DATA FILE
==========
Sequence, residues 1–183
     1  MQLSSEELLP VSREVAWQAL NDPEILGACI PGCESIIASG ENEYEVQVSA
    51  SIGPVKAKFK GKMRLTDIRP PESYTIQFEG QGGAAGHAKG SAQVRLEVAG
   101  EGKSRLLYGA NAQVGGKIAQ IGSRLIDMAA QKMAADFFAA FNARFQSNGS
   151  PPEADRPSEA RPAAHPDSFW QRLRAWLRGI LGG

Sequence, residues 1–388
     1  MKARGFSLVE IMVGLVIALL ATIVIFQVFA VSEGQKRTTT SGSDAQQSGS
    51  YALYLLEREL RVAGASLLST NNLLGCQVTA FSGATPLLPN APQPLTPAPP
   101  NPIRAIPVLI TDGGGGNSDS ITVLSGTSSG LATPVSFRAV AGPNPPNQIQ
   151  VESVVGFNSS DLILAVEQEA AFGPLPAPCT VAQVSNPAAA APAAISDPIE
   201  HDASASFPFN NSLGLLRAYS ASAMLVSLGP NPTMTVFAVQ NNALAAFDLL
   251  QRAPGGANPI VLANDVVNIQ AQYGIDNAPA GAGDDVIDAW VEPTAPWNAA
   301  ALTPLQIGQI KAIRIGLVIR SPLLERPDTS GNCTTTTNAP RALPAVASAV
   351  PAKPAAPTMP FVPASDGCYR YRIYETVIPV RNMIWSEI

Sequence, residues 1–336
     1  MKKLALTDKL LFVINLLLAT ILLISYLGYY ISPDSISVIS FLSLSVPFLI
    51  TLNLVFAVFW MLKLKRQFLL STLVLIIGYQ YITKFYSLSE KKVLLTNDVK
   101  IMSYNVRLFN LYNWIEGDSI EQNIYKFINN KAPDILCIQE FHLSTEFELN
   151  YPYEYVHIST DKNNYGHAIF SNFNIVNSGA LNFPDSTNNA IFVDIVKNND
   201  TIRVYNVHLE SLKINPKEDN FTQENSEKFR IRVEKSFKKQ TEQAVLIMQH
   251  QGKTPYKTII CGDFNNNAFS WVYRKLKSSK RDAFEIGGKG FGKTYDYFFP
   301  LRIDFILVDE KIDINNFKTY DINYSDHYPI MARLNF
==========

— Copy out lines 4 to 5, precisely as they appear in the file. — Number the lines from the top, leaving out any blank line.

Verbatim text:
   101  EGKSRLLYGA NAQVGGKIAQ IGSRLIDMAA QKMAADFFAA FNARFQSNGS
   151  PPEADRPSEA RPAAHPDSFW QRLRAWLRGI LGG